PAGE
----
Salsa Dancing Essay
Robert and his wife, Lucy, decide to take dance classes at a local
Salsa dance club. They used to go to ballroom dance classes at the
same club some years ago. Because Salsa dancing has become so popular,
they book the classes in advance. On the back of the receipt a printed
clause says “For terms and conditions please see notices in the club”.
On the inside of the club door a large notice is pinned up. The notice
reads, “The club will not accept responsibility for any loss suffered
by customers”. At their first dance class, the dance instructor, Paul,
who also owns the club, demonstrates an energetic step and falls over,
knocking Robert to the ground. Robert’s arm is broken and his Rolex
watch is damaged beyond repair. When Lucy goes to the cloakroom to get
her coat, she finds her coat has been stolen.
Advise Robert and Lucy as to any contractual claim they may have.
I will begin by looking at the contractual claim Lucy has in respect
to the loss of her coat.
Lucy’s claim could be based most suitably on the area of Contract law
known as incorporation, and perhaps negligence. Dealing first with
For a clause to form part of a contract it must be effectively
incorporated into it. The basic rule of incorporation is that there
has to be sufficient notice of the terms before a contract is
completed or they will not form part of it. The contract between Lucy
and the club was concluded when she accepted the offer of dance
lessons, paid her money, and received her receipt. It was at that
moment the terms and conditions of the contract were decided and
became fixed, meaning any further terms either party tried to
incorporate would have no effect within the original contract. It was
the dance club who then attempted to include a clause excluding their
liability for loss. At no point up to the signing of the contract had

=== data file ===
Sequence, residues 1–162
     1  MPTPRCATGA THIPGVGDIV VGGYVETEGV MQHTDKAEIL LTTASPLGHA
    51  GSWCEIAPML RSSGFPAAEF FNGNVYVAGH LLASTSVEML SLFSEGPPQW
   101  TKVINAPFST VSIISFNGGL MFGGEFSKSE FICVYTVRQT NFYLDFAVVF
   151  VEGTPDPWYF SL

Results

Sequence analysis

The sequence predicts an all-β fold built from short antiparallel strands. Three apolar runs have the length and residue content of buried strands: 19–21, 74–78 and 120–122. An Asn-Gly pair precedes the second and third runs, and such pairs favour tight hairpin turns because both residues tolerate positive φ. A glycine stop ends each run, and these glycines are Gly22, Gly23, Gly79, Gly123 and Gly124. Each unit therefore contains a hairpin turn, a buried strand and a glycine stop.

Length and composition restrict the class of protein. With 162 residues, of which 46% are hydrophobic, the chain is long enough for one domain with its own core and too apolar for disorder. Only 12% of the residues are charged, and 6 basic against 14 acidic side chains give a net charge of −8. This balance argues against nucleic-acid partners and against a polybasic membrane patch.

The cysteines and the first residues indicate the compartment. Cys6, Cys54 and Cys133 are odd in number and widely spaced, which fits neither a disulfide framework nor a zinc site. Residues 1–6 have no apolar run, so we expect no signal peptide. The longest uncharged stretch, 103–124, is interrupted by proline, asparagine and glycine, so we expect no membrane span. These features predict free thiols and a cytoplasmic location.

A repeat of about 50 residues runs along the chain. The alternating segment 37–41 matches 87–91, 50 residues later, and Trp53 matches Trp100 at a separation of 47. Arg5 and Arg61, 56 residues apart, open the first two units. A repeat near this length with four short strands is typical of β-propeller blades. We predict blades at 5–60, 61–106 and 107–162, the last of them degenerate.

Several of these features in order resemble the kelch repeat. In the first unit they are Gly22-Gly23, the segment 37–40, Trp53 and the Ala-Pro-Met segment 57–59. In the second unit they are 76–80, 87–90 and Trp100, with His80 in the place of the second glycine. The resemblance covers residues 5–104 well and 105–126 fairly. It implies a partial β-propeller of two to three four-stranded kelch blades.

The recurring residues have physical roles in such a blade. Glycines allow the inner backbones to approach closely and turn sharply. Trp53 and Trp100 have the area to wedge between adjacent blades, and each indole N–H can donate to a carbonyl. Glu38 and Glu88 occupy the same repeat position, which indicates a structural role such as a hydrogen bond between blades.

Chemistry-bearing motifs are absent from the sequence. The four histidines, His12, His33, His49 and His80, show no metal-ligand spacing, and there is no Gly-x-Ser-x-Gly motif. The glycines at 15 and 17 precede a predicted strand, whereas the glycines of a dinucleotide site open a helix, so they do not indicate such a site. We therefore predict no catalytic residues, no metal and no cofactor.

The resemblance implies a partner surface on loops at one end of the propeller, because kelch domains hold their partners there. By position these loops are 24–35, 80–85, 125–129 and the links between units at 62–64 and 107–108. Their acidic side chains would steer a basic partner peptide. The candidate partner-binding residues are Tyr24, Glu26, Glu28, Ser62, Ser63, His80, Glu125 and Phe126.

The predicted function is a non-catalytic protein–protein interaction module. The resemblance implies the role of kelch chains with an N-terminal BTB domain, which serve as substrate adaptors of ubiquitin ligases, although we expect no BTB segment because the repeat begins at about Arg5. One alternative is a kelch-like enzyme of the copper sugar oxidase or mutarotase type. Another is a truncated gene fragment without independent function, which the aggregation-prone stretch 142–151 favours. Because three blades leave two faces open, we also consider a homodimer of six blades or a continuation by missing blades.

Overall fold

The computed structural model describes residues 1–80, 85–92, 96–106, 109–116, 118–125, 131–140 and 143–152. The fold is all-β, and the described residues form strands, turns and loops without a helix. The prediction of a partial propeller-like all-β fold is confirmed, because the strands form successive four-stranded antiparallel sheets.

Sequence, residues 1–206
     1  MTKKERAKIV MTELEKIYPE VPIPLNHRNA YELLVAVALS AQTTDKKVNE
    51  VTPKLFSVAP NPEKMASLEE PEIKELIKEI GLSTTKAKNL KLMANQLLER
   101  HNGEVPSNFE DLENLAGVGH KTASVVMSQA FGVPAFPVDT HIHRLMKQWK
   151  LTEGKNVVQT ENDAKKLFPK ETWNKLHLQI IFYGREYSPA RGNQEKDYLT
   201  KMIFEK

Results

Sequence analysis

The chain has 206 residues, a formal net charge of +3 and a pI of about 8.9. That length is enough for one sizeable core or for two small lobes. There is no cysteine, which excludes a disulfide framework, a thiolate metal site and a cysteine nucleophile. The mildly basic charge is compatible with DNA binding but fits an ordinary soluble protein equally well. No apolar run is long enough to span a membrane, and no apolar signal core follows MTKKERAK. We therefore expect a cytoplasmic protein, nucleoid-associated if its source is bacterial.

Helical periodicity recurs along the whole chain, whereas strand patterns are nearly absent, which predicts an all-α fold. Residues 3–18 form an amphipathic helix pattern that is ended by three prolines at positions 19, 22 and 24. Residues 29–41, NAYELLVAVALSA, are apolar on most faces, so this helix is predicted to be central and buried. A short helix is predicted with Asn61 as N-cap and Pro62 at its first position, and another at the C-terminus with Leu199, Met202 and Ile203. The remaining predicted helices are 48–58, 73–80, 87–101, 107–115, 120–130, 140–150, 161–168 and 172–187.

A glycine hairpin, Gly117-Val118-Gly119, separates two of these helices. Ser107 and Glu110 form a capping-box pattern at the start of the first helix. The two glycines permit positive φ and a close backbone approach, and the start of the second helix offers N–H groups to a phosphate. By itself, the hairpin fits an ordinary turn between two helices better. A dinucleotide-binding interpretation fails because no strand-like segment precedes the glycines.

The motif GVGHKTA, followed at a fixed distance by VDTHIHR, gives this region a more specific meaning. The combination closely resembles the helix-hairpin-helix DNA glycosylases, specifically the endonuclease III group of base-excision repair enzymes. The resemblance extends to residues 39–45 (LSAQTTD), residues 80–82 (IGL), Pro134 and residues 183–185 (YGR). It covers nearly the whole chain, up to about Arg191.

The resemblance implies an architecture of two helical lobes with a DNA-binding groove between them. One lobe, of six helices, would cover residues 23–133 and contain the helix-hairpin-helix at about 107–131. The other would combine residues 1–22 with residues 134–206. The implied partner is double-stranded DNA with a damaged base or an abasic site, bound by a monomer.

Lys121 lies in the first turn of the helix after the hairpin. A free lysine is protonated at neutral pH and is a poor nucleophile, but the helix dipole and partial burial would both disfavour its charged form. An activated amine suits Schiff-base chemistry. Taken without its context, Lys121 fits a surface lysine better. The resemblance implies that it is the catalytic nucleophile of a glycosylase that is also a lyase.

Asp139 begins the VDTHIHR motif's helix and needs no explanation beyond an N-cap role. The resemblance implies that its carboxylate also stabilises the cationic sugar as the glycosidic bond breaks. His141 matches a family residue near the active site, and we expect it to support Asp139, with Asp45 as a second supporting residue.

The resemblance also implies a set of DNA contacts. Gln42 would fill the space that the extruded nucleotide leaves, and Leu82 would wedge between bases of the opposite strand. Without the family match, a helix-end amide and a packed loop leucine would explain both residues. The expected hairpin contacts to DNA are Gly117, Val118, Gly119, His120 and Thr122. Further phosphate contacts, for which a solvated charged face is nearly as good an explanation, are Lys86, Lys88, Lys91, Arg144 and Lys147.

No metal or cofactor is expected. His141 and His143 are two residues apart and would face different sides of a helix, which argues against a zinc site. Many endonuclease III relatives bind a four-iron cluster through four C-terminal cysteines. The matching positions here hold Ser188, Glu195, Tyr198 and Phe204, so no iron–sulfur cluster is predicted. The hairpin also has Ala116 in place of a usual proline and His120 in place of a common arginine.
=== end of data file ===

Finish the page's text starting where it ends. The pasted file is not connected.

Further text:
Lucy been made aware of these additional conditions the club wished to
impose within the contract. Lucy hadn’t been given sufficient notice
of the terms and consequently the clause doesn’t pass the rule for
incorporation and doesn’t form part of the contract Lucy has with the
club. She is in a strong position to claim against the club on this
basis. To analyse the validity of this, Lucy’s position can be
compared to that of Mrs. Olley in the case of Olley v Marlborough
Court Ltd. Mrs Olley made a contract to stay in a hotel, the contract
made at the reception desk on arrival. Mrs.Olley was taken to her room
which inside had a sign purporting to exclude the hotel’s liability
for theft of guests’ property. Mrs. Olley returned to her room one day
to discover her coat had been stolen through the hotels negligence,
and sought to claim loss from the hotel, who attempted to rely on its
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Salsa is a distillation of many Latin and Afro-Caribbean dances. Each played a large part in its evolution.
Salsa is similar to Mambo in that both have a pattern of six steps danced over eight counts of music. The dances share many of the same moves.
In Salsa, turns have become an important feature, so the overall look and feel are quite different form those of Mambo. Mambo moves generally forward and backward, whereas, Salsa has more of a side to side feel.
A look at the origin of Salsa
Written by: Jaime Andrés Pretell